Quite a few foods have Vitamin B12 or are fortified with Vitamin B12, such as fish, meat, poultry, beef liver, clams, milk, and eggs. Some of your cereals are fortified with Vitamin B12 as well. So it seems like it would be easy to get your daily allowance. Not always. Some people cannot absorb the nutrient from their food, and they develop a B12 deficiency. As well, vegetarians and vegans may find it more difficult to get the B12 they need. It is important to understand why you should receive sufficient amounts of the B12 nutrient.
A B12 deficiency can cause extreme fatigue, megaloblastic anemia, loss of appetite, as well as numbness and tingling in your hands and feet. To alleviate and prevent this deficiency, there are B12 supplements and B12 injections to buy. Confirming with your doctor you have a deficiency is the first step in getting treated so you can feel better.
How to Know if You Have a Deficiency
There are other symptoms that can alert you to a B12 deficiency and that it is time to see your doctor. They are as follows:
- Muscle ache and joint pain.
- Mood changes or increased anxiety.
- Signs of nervousness.
- Bleeding gums or mouth sores.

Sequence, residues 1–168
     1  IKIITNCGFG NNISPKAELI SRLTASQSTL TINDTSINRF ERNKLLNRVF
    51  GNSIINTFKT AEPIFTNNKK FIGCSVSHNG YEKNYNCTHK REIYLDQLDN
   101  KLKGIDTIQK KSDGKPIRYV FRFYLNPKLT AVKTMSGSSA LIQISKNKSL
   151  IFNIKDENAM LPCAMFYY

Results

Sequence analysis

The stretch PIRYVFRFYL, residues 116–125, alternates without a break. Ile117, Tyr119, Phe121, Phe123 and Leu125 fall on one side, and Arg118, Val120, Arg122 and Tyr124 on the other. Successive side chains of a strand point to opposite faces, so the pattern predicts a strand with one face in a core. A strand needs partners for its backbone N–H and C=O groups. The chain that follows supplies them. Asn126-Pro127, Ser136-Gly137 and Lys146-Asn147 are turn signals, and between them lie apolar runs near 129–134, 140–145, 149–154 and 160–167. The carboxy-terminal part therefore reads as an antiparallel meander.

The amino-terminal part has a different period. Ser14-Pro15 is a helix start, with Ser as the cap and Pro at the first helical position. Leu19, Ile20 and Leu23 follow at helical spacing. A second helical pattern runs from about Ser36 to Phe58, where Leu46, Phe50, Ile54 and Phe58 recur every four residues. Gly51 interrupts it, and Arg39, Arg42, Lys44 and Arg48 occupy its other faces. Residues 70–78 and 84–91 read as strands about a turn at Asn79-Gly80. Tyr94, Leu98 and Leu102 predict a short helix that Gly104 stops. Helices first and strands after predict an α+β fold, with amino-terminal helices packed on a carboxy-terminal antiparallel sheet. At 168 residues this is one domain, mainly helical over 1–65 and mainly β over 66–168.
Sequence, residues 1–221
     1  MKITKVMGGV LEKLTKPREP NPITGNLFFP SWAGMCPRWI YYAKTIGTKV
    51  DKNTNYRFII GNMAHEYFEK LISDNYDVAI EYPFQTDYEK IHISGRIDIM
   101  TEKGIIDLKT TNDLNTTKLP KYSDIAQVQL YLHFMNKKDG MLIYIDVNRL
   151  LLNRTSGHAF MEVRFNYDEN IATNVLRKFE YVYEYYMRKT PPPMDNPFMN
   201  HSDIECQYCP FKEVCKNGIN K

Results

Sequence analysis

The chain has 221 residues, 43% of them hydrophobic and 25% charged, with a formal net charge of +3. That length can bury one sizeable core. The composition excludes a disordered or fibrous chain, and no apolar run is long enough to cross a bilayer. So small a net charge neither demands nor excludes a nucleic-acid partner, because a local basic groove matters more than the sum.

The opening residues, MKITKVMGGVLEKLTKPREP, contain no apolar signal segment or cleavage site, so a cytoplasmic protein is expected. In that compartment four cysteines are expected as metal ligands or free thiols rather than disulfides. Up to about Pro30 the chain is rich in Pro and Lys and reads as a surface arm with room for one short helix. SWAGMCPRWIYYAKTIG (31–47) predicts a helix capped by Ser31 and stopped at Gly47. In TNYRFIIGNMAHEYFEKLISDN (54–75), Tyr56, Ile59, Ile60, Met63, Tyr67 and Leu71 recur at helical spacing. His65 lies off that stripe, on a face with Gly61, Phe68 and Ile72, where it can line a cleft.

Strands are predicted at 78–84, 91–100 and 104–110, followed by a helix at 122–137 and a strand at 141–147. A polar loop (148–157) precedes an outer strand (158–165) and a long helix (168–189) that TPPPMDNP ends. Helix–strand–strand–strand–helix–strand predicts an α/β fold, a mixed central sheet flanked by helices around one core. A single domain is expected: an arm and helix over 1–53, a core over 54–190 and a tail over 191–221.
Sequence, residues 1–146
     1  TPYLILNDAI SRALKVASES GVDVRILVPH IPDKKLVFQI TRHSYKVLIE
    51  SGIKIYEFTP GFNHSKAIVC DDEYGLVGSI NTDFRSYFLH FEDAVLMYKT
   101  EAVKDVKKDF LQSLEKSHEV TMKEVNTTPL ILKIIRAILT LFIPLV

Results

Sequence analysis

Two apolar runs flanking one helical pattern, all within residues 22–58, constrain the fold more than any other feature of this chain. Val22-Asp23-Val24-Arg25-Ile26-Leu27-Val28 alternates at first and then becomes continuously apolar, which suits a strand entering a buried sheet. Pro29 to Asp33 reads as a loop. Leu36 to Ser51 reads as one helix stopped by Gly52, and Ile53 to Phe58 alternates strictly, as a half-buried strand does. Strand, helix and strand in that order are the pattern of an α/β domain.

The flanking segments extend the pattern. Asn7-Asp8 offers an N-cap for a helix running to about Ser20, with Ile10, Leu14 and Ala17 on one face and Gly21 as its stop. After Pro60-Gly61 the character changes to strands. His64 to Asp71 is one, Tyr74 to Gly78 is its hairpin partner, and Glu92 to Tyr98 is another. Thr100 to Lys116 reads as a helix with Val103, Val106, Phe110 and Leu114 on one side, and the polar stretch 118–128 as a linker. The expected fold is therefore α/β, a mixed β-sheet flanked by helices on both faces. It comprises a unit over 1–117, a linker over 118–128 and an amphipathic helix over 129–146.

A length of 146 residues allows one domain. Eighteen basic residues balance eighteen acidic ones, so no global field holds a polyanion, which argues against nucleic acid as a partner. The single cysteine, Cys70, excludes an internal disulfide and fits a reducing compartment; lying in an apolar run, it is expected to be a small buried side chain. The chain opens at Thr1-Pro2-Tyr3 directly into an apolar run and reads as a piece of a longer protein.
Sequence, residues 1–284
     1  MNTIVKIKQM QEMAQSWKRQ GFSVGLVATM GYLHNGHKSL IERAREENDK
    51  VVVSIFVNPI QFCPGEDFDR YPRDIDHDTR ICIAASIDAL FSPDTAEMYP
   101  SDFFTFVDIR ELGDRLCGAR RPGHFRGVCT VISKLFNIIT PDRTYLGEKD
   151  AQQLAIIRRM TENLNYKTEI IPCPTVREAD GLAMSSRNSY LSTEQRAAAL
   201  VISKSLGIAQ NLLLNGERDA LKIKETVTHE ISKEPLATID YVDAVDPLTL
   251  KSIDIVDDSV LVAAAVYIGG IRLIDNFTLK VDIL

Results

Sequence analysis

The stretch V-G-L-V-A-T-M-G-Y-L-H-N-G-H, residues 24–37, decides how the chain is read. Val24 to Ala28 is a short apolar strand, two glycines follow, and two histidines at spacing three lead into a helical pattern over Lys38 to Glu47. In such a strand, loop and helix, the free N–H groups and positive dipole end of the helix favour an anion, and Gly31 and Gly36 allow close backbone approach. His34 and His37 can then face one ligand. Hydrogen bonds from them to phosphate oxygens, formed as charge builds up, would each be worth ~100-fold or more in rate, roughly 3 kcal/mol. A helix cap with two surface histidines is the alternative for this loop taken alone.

- Shortness of breath.
These symptoms and a deficiency in B12 are to be taken seriously. The first step to alleviating these symptoms and preventing serious illness is to see your doctor. The use of supplements or injections can be administered that will supply your body with the much-needed nutrient.
Benefits of B12 Injections
Regular B12 shots are common in the prevention and reversal of a Vitamin B12 deficiency. The time it takes for you to feel better can vary. From a few days to a few months. Generally, 90 days is the turning point, as it takes 90 days for all the malformed red blood cells to die off. Some of the benefits of maintaining a healthy amount of the B12 nutrient are listed below:
- B12 deficiency has been shown to correlate with cognitive decline. B12 shots are used to battle cognitive disorders.
- B12 helps to maintain the myelin layer of your nerves, which is a sheath that protects your nerves.
- B12 works to help repair DNA.
- B12 creates red blood cells that distribute oxygen to the rest of your body.
Administering Your Own B12 Shot
If you need to maintain a daily schedule of receiving B12 shots, it might be easier to administer them yourself at home. A healthcare professional can teach you the right way to inject yourself. There are a few variables such as the dosage amount, needle size, and injection site that need to be considered, and training from a healthcare professional is in your best interest.
Supplements and injections will help you keep your healthy balance of Vitamin B12. As well, eating a diet rich in B12 is important. If you are a vegetarian or a vegan, make sure you are eating foods that are fortified with the nutrient to keep you healthy.